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Low density lipoprotein oxidation and atherosclerosis


   Department of Biomedical Sciences

   Applications accepted all year round  Self-Funded PhD Students Only

About the Project

Project overview

The research in Professor David Leake’s group is concerned with atherosclerosis, the underlying cause of coronary heart disease and thrombotic strokes. We are investigating how low density lipoprotein (LDL), which carries most of the cholesterol in blood, is oxidised (i.e. becomes ‘rancid’) in atherosclerotic lesions. Atherosclerotic lesions are inflammatory sites and contain many macrophages. We have shown that LDL is oxidised within lysosomes in macrophages and that this oxidation is catalysed by iron at the lysosomal pH of 4.5. This oxidation increases the pH of lysosomes so that they cannot function effectively and causes the secretion of cytokines making the inflammation worse. The antioxidant cysteamine, which accumulates in lysosomes, decreases atherosclerosis in mice and even makes established atherosclerotic lesions smaller. The ultimate aim is to use antioxidants targetted to lysosomes to prevent atherosclerosis in humans.

School of Biological Sciences, University of Reading:

The University of Reading, located west of London, England, provides world-class research education programs. The University’s main Whiteknights Campus is set in 130 hectares of beautiful parkland, a 30-minute train ride to central London and 40 minutes from London Heathrow airport.

Our School of Biological Sciences conducts high-impact research, tackling current global challenges faced by society and the planet. Our research ranges from understanding and improving human health and combating disease, through to understanding evolutionary processes and uncovering new ways to protect the natural world. In 2020, we moved into a stunning new ~£60 million Health & Life Sciences building. This state-of-the-art facility is purpose-built for science research and teaching. It houses the Cole Museum of Zoology, a café and social spaces.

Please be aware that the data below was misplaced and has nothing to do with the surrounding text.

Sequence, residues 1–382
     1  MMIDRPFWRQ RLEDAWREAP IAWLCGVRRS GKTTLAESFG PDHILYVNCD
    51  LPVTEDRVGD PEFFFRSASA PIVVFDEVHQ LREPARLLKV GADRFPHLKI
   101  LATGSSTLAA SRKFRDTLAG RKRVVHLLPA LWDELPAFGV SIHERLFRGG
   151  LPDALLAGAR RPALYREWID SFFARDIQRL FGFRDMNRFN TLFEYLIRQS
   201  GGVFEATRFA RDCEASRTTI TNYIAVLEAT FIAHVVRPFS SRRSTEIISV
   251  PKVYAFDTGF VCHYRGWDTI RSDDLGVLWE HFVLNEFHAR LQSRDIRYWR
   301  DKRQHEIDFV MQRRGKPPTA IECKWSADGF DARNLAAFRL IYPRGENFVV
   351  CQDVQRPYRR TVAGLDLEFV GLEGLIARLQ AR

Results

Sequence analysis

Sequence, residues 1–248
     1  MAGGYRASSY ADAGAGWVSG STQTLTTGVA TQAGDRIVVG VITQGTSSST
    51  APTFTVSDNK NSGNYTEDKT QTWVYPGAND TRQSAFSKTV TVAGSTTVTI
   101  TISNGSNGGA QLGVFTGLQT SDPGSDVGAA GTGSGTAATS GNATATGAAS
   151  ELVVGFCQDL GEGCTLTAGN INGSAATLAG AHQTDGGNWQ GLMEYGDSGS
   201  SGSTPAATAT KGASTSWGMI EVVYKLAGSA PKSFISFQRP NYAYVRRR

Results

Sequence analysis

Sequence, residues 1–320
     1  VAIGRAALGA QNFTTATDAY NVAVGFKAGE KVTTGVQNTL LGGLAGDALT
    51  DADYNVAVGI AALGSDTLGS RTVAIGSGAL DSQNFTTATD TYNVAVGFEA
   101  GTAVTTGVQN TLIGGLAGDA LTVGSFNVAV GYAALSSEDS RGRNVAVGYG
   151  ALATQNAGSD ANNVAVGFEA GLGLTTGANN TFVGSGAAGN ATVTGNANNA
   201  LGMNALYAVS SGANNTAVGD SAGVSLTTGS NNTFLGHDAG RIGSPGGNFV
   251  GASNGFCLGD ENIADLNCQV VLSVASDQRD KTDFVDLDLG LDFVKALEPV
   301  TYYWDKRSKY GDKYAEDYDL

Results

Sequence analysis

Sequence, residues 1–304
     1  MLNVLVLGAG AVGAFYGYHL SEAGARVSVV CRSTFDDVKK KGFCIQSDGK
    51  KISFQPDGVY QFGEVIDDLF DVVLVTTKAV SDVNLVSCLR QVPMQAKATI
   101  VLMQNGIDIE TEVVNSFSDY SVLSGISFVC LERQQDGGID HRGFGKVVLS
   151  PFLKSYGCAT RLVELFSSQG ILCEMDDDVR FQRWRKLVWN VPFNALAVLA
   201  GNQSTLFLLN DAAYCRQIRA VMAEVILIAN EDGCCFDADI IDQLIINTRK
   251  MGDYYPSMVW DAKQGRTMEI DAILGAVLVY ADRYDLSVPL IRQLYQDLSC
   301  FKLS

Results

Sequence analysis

In the School of Biological Sciences, you will be joining a vibrant community of ~180 PhD students representing ~40 nationalities. Our students publish in high-impact journals, present at international conferences, and organise a range of exciting outreach and public engagement activities. During your PhD at the University of Reading, you will expand your research knowledge and skills, receiving supervision in one-to-one and small group sessions. You will have access to cutting-edge technology and learn the latest research techniques. We also provide dedicated training in important transferable skills that will support your career aspirations. If English is not your first language, the University's excellent International Study and Language Institute will help you develop your academic English skills. The University of Reading is a welcoming community for people of all faiths and cultures. We are committed to a healthy work-life balance and will work to ensure that you are supported personally and academically.

Eligibility:

Applicants should have a good degree (minimum of a UK Upper Second (2:1) undergraduate degree or equivalent) in Biomedical Sciences, Biological Sciences or a strongly-related discipline. Applicants will also need to meet the University’s English Language requirements. We offer pre-sessional courses that can help with meeting these requirements.

How to apply:

Submit an application for a PhD in Biological Sciences at http://www.reading.ac.uk/pgapply .

Further information: http://www.reading.ac.uk/biologicalsciences/SchoolofBiologicalSciences/PhD/sbs-phd.aspx


Funding Notes

We welcome applications from self-funded students worldwide for this project.
If you are applying to an international funding scheme, we encourage you to get in contact as we may be able to support you in your application.

References

Ahmad, F., Mitchell, R.D, Houben, T., Palo, A., Yadati, T., Parnell, A.J., Patel, K., Shiri-Sverdlov, R. and Leake, D.S. (2021) Journal of the American Heart Association 10, e017524. Cysteamine decreases low density lipoprotein oxidation, causes regression of atherosclerosis and improves liver and muscle function in LDL receptor deficient mice
Wen, Y., Ahmad, F., Mohri, Z., Weinberg, P. D. and Leake, D. S. (2019) Atherosclerosis 291, 9-18 Cysteamine inhibits lysosomal oxidation of low density lipoprotein in human macrophages and reduces atherosclerosis in mice
Ahmad, F. & Leake, D.S. (2019) J. Lipid Res. 60, 98-110. Lysosomal oxidation of LDL alters lysosome function, induces senescence, and increases secretion of pro-inflammatory cytokines in human macrophages
Ahmad, F. & Leake, D.S. (2018) Chem. Phys. Lipids 213, 13-24. Antioxidants inhibit low density lipoprotein oxidation less at lysosomal pH: A possible explanation as to why the clinical trials of antioxidants might have failed
Satchell, L. & Leake, D.S. (2012) Biochemistry 51, 3767-3775. Oxidation of low-density lipoprotein by iron at lysosomal pH: Implications for atherosclerosis
Wen, Y. & Leake, D.S. (2007) Circ. Res. 100, 1337-1343. Low density lipoprotein undergoes oxidation within lysosomes in cells
Please see Prof David Leake’s academic profile:
http://www.reading.ac.uk/biologicalsciences/SchoolofBiologicalSciences/Meetourteam/staff/d-s-leake.aspx

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